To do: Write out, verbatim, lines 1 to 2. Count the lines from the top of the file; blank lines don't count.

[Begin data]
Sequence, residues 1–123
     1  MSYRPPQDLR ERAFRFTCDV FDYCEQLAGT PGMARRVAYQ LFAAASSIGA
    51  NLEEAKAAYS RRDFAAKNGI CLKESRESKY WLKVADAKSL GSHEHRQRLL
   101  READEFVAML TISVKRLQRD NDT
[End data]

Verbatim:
Sequence, residues 1–123
     1  MSYRPPQDLR ERAFRFTCDV FDYCEQLAGT PGMARRVAYQ LFAAASSIGA